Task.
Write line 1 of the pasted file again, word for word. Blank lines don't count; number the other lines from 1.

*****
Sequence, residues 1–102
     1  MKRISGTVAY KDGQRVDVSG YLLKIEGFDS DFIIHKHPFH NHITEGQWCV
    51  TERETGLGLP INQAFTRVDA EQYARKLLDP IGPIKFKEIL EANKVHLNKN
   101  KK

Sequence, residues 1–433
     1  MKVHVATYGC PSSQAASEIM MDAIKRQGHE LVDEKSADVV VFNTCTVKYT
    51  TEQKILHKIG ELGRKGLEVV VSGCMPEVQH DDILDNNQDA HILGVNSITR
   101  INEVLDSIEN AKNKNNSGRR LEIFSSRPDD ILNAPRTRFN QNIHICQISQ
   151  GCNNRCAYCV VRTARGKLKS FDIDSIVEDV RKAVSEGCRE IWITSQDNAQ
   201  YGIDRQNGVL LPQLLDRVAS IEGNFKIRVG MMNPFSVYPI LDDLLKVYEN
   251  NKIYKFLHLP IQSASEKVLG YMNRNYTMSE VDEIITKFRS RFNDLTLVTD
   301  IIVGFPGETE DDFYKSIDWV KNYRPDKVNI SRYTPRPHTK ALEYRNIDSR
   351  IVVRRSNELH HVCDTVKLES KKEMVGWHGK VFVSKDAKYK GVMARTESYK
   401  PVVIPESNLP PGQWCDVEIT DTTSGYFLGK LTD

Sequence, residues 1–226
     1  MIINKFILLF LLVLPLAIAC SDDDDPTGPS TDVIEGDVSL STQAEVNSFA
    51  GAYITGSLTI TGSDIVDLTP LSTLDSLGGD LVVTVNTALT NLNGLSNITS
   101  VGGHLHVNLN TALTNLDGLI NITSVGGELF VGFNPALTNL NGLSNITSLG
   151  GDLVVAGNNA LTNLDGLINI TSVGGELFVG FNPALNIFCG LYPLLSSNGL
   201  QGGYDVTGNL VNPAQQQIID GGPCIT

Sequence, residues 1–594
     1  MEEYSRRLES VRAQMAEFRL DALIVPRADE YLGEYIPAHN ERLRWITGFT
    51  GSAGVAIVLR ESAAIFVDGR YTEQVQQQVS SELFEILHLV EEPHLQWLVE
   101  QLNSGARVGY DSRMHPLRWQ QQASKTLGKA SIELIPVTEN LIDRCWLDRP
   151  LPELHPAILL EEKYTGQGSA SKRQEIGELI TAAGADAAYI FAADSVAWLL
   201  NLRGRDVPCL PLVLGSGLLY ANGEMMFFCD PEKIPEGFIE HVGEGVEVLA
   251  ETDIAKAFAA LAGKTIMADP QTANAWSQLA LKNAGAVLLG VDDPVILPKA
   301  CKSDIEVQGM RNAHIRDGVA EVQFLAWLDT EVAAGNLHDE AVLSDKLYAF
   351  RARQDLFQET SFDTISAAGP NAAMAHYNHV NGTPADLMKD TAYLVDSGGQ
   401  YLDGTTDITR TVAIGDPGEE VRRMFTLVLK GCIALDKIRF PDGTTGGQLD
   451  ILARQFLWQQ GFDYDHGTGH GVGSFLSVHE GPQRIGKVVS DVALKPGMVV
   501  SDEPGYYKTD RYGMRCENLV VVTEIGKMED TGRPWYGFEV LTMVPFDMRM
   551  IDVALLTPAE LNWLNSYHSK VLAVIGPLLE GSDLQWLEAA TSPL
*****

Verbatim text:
Sequence, residues 1–102